Bud Anderson, WWII Triple Ace and Air Force Test Pilot, Dies at 102

Brig. Gen. Clarence E. “Bud” Anderson, the last surviving triple ace from World War II, a noted Air Force test pilot, and a 30-year veteran of the service who also flew combat missions during the Vietnam War, died May 17 at the age of 102.

Anderson shot down 16 German aircraft in WWII (and shared 1/4 credit on a 17th aircraft) in a variety of P-51 Mustangs he called “Old Crow,” after a preferred brand of whiskey. He logged more than 480 hours of combat time during the war, across 116 missions, all from March to December 1944, and all with the 363rd Fighter Squadron. The bulk of his kills were Focke-Wolfe 190s. He credited his especially keen eyesight as the key to his success, allowing him to spot enemy aircraft before they spotted him.

After the war, Anderson flew as a test pilot, logging time in more than 130 different types of aircraft, especially the “Century Series” of supersonic fighters, and he amassed more than 7,500 hours of flight time. After his retirement as a colonel, he worked for the McDonnell Aircraft Co. as its chief of flight test.

Anderson grew up near Sacramento, Calif., and earned his pilot’s license while still a teenager. He joined the Army as an aviation cadet shortly after the Japanese attack on Pearl Harbor and earned his wings before the end of 1942. He trained in the P-39 Airacobra, which he flew at several stateside bases, but switched to the P-51 soon after arriving in Europe in late 1943.  

By early 1944, as part of the 357th Flying Group—self-nicknamed “The Yoxford Boys”—Anderson was flying escort for bombers over Europe. Only a month after starting escort missions, he downed his first German aircraft, a Messerschmitt BF-109. By the end of May, he had become an ace, meaning he had shot down five enemy aircraft. In June, he shot down three FW-190s in a single day, and by the end of that month had become a double ace.

After taking stateside leave, he returned to flying duty and in November and December 1944 shot down three FW-190s and forced down one more, his final aerial victories, making him the 357th’s third-leading ace, with 16.25 kills. None of the planes Anderson flew were hit by enemy fire and he never aborted a mission.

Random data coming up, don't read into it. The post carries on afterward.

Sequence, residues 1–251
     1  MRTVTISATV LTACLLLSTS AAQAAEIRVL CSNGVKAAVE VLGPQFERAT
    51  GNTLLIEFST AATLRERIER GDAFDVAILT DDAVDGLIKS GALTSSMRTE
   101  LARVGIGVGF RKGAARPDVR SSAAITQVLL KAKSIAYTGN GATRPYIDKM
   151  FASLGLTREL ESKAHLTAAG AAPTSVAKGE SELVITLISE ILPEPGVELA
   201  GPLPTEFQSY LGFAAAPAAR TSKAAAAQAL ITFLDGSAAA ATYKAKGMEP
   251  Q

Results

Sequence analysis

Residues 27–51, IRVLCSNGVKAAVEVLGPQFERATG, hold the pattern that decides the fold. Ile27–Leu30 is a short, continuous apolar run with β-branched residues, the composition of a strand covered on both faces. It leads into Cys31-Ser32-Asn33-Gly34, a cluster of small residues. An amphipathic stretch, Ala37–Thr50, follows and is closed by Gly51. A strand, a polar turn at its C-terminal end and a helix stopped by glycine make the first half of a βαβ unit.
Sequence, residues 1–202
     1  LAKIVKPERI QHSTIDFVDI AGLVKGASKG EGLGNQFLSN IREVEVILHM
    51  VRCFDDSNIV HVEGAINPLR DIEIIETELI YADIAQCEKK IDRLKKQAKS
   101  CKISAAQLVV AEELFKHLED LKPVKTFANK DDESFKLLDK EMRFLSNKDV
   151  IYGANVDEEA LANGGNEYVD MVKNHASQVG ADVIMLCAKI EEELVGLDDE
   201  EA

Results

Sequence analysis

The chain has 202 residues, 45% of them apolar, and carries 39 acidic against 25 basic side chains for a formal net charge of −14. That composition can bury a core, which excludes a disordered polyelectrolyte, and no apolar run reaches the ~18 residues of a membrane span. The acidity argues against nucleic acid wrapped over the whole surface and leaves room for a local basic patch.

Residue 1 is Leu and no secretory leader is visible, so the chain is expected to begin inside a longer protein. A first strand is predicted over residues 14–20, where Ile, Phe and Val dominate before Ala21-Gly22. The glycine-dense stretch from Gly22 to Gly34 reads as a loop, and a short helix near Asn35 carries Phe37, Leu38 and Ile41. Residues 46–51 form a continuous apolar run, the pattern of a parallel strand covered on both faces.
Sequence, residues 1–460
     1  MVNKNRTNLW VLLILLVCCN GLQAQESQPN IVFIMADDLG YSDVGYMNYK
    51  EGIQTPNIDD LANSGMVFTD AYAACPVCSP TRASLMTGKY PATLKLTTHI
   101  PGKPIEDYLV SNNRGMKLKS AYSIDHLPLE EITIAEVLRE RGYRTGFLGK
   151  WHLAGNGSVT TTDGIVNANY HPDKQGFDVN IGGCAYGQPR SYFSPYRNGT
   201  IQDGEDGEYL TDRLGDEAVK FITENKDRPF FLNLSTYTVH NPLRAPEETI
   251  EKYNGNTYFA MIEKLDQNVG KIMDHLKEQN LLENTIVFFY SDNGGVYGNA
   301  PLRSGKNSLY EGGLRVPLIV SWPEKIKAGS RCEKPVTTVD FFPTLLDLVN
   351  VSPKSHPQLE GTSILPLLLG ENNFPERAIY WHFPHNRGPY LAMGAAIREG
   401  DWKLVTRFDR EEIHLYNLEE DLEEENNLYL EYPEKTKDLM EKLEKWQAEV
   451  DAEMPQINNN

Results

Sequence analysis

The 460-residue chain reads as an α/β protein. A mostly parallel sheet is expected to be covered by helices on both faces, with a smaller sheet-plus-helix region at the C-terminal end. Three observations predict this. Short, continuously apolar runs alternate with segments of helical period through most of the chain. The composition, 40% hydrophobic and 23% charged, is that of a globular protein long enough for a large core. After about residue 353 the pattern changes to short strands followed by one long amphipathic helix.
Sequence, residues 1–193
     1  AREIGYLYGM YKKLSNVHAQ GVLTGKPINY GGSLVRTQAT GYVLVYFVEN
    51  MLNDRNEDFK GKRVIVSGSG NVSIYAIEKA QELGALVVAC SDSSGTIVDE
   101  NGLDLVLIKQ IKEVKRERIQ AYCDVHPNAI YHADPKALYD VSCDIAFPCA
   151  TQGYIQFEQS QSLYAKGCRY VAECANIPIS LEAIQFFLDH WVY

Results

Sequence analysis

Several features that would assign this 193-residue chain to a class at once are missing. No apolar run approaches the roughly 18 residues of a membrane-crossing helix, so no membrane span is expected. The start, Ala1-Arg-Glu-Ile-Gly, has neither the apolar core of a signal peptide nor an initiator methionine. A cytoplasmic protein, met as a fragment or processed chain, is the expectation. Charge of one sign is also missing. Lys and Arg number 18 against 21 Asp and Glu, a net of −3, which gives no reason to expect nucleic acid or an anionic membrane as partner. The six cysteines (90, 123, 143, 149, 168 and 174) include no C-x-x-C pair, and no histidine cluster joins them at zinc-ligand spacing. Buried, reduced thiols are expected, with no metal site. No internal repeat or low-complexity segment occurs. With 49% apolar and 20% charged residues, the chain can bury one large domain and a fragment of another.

Back in the states, the Air Force deployed the high-scoring ace as a goodwill ambassador and recruiter, but by 1948 he returned to regular flying as a test pilot at Wright Field, Ohio, where he served until 1953, working on a variety of experimental projects. Among the concepts he tested was the F-84 as a parasite fighter operating off a B-36 bomber.

After Air Command and Staff College, he was assigned as director of operations at the 58th Fighter-Bomber Wing at Osan Air Base, Korea, from August 1955 to February 1956, when he took command of the 69th Fighter-Bomber Squadron at Osan until August 1956.

From there he went to Edwards Air Force Base, Calif., where he became Chief of Test Flight Operations until 1962, flying or supervising test on a wide variety of jet aircraft, including the first double-sonic jets.

He completed the Army War College and several operational assignments after that, until he was assigned to command the 18th Tactical Fighter Wing at Kadena Air Base, Japan until late 1967.

After a Pentagon tour, Anderson commanded the 355th Tactical Fighter Wing from June to December 1970, flying 25 combat missions against the Ho Chi Minh Trail from Takhli Royal Thai Air Force Base. He was in charge of closing the base when it deactivated.

Anderson retired in 1972, having been decorated with two awards of the Legion of Merit, five awards of the Distinguished Flying Cross, the Bronze Star, and 16 Air Medals, as well as the French Legion of Honor and Croix de Guerre. After retirement, he managed McDonnell’s flight test operations at Edwards until 1998, where he supervised test projects such as the F-15 Eagle, F/A-18 Hornet, and C-17 Globemaster III.

In 1990, Anderson cowrote “To Fly and Fight – Memoirs of a Triple Ace,” which was updated and re-published in 2019. In the book, Anderson’s lifelong friend and fellow ace and test pilot Chuck Yeager described him as “the best fighter pilot I’ve ever seen.”

Also in 2019, the Smithsonian’s Air & Space Museum unveiled a special display of Anderson’s flight jacket and flying gear as a highlight of the World War II display at its Udvar-Hazy Center. The same day, he recorded recollections of some of his service history with Air & Space Forces Magazine.

He was given an honorary promotion to brigadier general in December 2022, in a ceremony at the Aerospace Museum of California, near his boyhood home, presided over by then-Chief of Staff (now Joint Chiefs of Staff Chairman) Gen. Charles Q. Brown Jr.

Anderson was inducted into the National Aviation Hall of Fame in 2008 and the International Air & Space Hall of Fame in 2013.  In 2015, along with other American Fighter Aces, he received the Congressional Gold Medal, and in 2017, received the Air Force Association’s Lifetime Achievement Award.  

A life-size bronze statue of Anderson stands at the Auburn Municipal Airport in California, near his hometown of New Castle.  He was a life member of the American Fighter Aces Association and was a Fellow of the Society of Experimental Test Pilots.